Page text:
Peter Steiner drew a now-famous cartoon for The New Yorker that was published in 1993; a dog types at a computer and tells another dog that “on the Internet, nobody knows you’re a dog.” This has interesting implications for the rise in user-posted videos on sites such as YouTube, and it is appropriate that we consider this today, because of something that happened 69 years ago today.
October 30, 1938 was the date of the original broadcast of Orson Welles’ radio adaptation of H.G. Wells’ science fiction novel, The War of the Worlds. In spite of repeated announcements that it was a radio drama, thousands of people tried to evacuate from New York City in an effort to flee the Martian attack, resutling in massive traffic jams.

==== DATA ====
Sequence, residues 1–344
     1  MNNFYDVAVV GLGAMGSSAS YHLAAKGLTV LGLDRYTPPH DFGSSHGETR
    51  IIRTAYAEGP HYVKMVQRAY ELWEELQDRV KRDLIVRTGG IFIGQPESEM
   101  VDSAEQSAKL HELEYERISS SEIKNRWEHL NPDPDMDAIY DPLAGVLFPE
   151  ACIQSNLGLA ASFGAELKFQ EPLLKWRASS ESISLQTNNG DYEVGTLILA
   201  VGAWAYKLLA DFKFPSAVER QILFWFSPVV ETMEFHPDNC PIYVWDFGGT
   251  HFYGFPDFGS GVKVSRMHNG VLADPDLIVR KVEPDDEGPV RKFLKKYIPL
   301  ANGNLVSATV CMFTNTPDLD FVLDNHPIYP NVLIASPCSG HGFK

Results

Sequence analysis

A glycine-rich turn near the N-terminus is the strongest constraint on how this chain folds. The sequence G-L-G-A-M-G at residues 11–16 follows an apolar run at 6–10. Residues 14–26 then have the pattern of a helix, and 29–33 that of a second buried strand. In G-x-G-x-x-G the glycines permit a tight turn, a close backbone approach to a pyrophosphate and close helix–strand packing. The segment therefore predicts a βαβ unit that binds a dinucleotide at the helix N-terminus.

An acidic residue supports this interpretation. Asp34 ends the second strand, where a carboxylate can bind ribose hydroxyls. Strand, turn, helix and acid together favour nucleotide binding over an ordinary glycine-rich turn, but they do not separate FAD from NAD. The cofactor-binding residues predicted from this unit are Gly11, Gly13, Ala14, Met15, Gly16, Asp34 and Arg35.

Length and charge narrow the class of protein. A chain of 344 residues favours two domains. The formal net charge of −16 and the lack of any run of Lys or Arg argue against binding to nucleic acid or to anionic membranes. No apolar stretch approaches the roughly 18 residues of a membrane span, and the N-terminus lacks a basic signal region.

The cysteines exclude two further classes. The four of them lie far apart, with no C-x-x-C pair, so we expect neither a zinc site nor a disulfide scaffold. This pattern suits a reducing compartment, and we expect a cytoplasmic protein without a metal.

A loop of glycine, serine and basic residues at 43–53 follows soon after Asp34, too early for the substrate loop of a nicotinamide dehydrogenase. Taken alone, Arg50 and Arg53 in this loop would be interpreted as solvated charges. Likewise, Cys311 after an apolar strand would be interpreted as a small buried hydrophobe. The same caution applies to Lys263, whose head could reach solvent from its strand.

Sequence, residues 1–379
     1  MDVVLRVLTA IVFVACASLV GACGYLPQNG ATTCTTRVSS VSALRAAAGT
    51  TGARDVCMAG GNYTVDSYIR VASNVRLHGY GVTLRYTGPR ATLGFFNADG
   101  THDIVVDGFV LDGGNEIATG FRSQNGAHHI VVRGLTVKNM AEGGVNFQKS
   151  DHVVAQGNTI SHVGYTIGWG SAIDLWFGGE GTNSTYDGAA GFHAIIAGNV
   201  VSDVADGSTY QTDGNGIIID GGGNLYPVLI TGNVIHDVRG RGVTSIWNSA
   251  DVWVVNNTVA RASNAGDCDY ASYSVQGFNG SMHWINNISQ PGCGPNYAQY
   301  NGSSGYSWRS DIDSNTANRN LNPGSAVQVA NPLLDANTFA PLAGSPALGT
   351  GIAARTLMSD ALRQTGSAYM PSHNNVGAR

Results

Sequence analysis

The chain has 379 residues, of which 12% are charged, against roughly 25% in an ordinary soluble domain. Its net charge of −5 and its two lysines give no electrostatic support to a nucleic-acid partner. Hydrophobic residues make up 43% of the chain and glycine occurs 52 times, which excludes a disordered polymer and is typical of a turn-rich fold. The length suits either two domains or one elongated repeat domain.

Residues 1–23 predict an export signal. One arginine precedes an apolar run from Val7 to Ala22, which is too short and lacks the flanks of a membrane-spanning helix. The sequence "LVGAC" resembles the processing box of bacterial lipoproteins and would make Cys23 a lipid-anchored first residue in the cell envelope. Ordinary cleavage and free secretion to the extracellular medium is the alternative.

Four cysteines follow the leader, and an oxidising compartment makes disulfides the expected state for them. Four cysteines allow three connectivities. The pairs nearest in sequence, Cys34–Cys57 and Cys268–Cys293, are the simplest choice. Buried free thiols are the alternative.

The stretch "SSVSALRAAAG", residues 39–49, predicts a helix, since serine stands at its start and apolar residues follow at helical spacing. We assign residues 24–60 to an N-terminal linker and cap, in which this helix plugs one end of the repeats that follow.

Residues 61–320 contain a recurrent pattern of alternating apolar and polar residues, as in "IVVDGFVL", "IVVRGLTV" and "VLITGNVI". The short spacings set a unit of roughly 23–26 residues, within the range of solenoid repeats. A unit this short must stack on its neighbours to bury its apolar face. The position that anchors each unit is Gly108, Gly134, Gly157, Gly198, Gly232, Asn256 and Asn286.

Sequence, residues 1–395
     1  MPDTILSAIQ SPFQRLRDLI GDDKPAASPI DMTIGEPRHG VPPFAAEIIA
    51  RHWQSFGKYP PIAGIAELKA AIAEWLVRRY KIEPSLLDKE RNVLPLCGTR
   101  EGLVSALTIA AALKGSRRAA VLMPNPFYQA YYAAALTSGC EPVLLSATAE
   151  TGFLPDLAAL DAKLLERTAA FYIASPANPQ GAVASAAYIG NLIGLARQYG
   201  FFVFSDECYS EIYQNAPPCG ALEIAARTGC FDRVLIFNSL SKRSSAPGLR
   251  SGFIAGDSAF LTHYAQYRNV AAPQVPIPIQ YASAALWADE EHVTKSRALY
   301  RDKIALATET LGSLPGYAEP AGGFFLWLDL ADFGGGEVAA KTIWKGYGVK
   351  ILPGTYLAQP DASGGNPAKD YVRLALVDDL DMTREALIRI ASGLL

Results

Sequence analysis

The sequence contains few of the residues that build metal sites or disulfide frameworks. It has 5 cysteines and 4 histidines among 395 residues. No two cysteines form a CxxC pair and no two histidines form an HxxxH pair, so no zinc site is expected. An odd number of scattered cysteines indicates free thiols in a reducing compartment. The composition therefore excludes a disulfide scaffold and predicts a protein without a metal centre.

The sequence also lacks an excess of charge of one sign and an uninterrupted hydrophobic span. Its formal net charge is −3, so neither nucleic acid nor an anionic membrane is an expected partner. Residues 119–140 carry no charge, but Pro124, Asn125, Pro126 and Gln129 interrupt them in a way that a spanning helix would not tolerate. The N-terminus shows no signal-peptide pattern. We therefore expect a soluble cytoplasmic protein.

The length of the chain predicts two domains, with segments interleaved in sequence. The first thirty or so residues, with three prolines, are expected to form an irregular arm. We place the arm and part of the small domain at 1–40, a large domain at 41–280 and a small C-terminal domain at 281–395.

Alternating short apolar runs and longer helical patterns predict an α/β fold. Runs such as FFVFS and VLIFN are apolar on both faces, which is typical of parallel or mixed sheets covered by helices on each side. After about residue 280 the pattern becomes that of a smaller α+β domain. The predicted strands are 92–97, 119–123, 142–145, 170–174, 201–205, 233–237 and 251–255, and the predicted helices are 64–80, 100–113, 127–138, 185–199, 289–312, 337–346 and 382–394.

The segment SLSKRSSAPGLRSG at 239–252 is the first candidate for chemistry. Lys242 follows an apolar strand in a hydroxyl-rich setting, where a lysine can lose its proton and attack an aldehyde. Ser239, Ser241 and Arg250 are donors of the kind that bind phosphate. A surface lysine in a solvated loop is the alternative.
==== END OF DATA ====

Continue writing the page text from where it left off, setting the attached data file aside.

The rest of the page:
My point is that we are well-trained as consumers of video information, and we have visceral responses to the production values and format of what we see on the screen that help us decide whether the information it contains is objective or biased, factual or fabricated. The current flood of political advertisements demonstrate (some with more skill than others) that directors and producers are able to manipulate those reactions to their advantage. And now that anyone can have access to sophisticated video recording and editing equipment with as little as a laptop computer, they can post video clips on the Internet to make whatever point they desire.
On the plus side, this adds immensely to the power of free speech. On the other hand, it may become increasingly difficult to tell if the creator of a video clip was in fact a dog.